Adding pictures to your PowerPoint presentation can make it more visually appealing. However, when you first add a new image, it covers up whatever else is on the slide, including text. Here’s how to move pictures and other objects backward and forward to create the layering you want.

Sending an Image Behind Text

If you haven’t already, go ahead and open the PowerPoint presentation you’ll be working with and hop over to the slide with the text and image.

We’ll go over layering images in a bit, but right now we will just be working with a single image and some text.

image in front of text in ppt

As you can see in the image above, The Geek image is covering the “How-To Geek” text. To put the image behind the text, first, click the image to select it and then go to the “Format” tab.

Format tab

Over at the “Arrange” section, click the “Send Backward” button. A drop-down menu will appear with two options.

send to back options

“Send Backward” sends the image back one level. “Send to Back” places the object behind all other objects on the slide. For now, select “Send Backward” (we’ll talk about layering image more in a bit).

Now, your image will be behind the text.

image behind text

Alternatively, you could right-click the object, click the arrow next to “Send to Back,” and then select “Send Backward.”

The “Bring Forward” and “Bring to Front” options you’ll see on the Format tab and the context menu work much the same way. You’d use these options to move an object in front of another. So, in this example, we also could have selected the text and brought it forward to accomplish the same effect.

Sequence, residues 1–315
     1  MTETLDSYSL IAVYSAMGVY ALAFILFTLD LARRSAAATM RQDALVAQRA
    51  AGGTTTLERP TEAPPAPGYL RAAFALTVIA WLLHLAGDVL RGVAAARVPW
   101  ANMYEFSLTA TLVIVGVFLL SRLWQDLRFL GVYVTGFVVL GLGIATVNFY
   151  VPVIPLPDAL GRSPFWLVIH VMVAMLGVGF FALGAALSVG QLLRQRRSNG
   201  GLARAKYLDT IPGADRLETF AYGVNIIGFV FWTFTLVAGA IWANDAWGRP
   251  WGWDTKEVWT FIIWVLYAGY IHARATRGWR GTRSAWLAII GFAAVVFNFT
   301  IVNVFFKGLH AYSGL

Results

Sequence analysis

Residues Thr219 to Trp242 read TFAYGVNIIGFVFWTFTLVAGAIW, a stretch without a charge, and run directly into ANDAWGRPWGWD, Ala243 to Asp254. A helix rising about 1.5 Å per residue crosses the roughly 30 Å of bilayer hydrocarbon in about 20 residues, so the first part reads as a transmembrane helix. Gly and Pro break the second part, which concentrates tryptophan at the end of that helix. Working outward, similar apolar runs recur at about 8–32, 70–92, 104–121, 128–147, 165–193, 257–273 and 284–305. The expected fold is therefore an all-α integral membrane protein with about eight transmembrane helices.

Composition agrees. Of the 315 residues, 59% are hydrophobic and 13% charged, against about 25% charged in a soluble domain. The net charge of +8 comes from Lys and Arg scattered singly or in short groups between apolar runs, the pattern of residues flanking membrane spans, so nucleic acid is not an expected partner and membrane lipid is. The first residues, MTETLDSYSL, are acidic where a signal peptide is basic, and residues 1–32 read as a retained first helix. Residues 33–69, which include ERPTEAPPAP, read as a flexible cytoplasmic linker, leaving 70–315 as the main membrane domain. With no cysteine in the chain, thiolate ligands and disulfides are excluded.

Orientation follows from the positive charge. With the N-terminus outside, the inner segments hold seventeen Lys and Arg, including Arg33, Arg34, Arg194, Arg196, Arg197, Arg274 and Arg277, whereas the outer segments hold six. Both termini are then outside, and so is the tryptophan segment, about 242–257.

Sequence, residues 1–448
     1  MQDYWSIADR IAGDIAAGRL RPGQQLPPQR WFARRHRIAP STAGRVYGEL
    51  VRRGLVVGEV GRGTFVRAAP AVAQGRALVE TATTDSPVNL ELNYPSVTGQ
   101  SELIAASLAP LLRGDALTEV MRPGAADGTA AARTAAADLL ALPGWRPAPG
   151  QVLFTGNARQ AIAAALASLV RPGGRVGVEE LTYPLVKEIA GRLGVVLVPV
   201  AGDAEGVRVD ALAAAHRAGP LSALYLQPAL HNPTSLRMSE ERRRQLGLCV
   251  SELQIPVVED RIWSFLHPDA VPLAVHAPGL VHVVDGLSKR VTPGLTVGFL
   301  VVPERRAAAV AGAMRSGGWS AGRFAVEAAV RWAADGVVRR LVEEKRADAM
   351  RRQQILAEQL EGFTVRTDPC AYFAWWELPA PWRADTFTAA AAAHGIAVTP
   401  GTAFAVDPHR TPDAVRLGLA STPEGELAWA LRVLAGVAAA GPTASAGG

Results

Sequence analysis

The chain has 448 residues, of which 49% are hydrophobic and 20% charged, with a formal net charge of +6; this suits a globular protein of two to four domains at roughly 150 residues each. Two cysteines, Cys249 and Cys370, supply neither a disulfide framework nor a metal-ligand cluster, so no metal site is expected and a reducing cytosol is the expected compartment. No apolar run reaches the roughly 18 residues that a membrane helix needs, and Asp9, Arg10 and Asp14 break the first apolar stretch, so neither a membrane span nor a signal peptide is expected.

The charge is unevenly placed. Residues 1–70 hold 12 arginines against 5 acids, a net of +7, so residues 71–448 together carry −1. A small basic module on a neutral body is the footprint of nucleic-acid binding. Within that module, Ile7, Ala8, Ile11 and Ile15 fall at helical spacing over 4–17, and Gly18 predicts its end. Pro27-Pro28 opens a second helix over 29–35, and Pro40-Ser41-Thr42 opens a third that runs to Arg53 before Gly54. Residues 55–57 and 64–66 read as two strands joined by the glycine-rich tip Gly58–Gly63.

Object Layering

Now let’s say we have three objects, and we want to layer them in a way that all of them serve their purpose. As an example, let’s give The Geek a name tag. We’ll be using three objects:

  • A picture of the How-To Geek logo
  • A solid white rectangle
  • A text box with black text that reads “The Geek”

What we want is for the image to be in the back, the white rectangle to be in front of the image, and then the text to be in front of the white rectangle. However, we created our text and white rectangle first and then inserted our image, so the image is now in front of everything else.

Note: Yes, we know that we could just type text into the white rectangle shape to make things easier, but we’re doing it this way for an easy example of layering.

First, we want to select the picture logo and send it to the very back since we want all the other objects to appear in front of it. Select the image, right-click it, and then select “Send to Back” (or use the button on the “Format” tab).

Send to back

This sends the image The Geek to the very back layer, as you can see below.

nametag no text

However, as you can see in the above image, our text is hidden behind the white rectangle. Next, select the white box, right-click it, and this time select “Send Backward” from the “Send to Back” options.

send behind text

Note that if you select “Send to Back,” your white rectangle will disappear behind The Geek.

Here’s what we have now.

The Geek nametag

Now, from back to front, we have the image, the white rectangle, and then the black text box in front. That’s the order we were after.

While the odds of you needing to give a name tag to a logo in a presentation are pretty slim, image layering is an important part of working with more complex slides.

Profile Photo for Marshall Gunnell Marshall Gunnell
Marshall is a writer with experience in the data storage industry. He worked at Synology, and most recently as CMO and technical staff writer at StorageReview. He's currently an API/Software Technical Writer based in Tokyo, Japan, runs VGKAMI and ITEnterpriser, and spends what little free time he has learning Japanese.
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